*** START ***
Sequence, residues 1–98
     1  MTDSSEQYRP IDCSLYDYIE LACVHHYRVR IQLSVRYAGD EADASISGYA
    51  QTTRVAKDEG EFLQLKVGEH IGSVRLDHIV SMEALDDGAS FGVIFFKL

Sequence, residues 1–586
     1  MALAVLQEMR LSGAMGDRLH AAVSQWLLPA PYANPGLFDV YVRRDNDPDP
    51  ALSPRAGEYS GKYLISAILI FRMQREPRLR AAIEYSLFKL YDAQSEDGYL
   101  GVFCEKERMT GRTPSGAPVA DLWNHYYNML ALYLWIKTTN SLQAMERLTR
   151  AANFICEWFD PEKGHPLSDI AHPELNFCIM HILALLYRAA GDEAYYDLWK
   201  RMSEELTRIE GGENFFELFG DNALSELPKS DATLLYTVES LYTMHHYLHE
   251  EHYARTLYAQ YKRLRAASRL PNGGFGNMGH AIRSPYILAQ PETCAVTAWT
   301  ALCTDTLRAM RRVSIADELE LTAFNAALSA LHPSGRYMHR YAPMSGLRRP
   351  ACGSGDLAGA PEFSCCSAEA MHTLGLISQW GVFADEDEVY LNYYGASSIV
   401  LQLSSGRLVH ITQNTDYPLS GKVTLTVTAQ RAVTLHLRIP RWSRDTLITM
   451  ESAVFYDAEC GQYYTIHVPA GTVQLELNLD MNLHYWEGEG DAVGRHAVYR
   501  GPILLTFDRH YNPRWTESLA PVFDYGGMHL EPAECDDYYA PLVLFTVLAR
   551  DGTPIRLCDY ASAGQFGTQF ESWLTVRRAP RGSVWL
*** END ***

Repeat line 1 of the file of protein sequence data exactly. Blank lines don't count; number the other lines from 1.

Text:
Sequence, residues 1–98